In Etruscan mythology, Tuchulcha was a chthonic daemon (not to be confused with the Christian term "demon") with pointed ears (perhaps those of a donkey), and hair made of snakes and a beak (perhaps that of a vulture). Tulchulcha lived in the underworld known as Aita.
Many scholars refer to this deity as male because of masculine features, such as animalistic facial hair that may resemble a beard. However, according to Nancy de Grummond, "This monster is often referred to as male but in fact is very likely female (or neither gender), for she wears a woman’s dress, has decidedly pale pinkish skin (compare the standard brick-red male flesh of These), and even appears to have breasts."  She also identifies the diamond-marking of Tuchulcha's serpents as identifying the poisonous adder (Vipera berus berus). Emeline Hill Richardson and Graeme Barker and Tom Rasmussen also state that Tuchulcha is female. However, Tuchulcha's garment is known to classical historians as a chiton and is worn by both men and women. As well, the same clothing is worn by another male deity, Charun.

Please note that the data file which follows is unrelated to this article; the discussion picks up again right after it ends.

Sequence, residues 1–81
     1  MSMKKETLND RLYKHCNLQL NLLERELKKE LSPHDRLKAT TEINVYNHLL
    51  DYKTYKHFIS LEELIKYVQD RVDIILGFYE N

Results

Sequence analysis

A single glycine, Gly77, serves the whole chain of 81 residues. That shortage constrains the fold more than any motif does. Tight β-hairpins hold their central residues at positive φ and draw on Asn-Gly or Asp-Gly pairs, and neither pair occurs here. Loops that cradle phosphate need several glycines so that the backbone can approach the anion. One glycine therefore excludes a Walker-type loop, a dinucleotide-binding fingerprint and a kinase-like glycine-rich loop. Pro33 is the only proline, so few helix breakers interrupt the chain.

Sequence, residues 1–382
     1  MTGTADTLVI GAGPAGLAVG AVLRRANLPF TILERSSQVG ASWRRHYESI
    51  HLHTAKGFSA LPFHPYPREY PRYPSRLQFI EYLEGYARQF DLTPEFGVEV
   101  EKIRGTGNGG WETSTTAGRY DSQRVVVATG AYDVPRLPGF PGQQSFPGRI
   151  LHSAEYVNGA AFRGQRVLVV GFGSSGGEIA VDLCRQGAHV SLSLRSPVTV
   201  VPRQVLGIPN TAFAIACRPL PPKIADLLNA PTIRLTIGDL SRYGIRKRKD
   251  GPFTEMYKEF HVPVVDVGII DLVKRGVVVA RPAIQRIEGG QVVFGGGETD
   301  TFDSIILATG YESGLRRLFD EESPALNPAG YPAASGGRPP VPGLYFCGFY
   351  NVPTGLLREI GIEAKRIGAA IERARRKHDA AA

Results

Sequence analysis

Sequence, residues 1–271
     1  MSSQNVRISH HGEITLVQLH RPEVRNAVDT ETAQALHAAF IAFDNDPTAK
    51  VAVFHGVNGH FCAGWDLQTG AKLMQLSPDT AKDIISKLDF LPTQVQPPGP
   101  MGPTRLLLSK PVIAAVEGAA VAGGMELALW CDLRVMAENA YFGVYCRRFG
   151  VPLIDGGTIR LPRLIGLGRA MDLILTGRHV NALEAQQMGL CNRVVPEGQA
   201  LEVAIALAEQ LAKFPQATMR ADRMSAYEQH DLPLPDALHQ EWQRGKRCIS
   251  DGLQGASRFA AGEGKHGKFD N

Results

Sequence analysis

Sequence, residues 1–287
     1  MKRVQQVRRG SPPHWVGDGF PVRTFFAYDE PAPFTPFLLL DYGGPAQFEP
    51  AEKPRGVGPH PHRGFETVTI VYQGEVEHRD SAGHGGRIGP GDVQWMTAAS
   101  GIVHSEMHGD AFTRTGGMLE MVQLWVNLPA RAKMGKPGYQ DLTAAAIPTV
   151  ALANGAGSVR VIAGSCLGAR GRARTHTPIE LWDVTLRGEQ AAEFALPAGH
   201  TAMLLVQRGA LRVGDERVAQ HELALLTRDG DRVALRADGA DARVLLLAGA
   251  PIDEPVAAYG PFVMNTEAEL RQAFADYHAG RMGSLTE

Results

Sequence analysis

The only known rendering of Tuchulcha is identified in a wall painting in the Tomb of Orcus II, in Tarquinia, Italy. There the deity appears in a depiction of the story of These (Greek Theseus) visiting the underworld. These and his friend Peirithous (only his head visible in the surviving portion of the image) are playing a board game, attended by Tuchulcha.
- Larissa Bonfante and Judith Swaddling. Etruscan Myths. University of Texas Press, 2006
- de Grummond, Nancy. Etruscan Myth, Sacred History and Legend. Philadelphia: University of Philadelphia Museum, 2006. pp. 229-230)
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